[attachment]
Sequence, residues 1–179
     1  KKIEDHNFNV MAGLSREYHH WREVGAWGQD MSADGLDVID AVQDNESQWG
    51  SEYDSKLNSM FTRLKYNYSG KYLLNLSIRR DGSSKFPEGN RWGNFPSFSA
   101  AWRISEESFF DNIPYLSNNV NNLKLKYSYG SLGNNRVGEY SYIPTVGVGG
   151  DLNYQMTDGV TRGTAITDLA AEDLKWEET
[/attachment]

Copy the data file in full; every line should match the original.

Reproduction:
Sequence, residues 1–179
     1  KKIEDHNFNV MAGLSREYHH WREVGAWGQD MSADGLDVID AVQDNESQWG
    51  SEYDSKLNSM FTRLKYNYSG KYLLNLSIRR DGSSKFPEGN RWGNFPSFSA
   101  AWRISEESFF DNIPYLSNNV NNLKLKYSYG SLGNNRVGEY SYIPTVGVGG
   151  DLNYQMTDGV TRGTAITDLA AEDLKWEET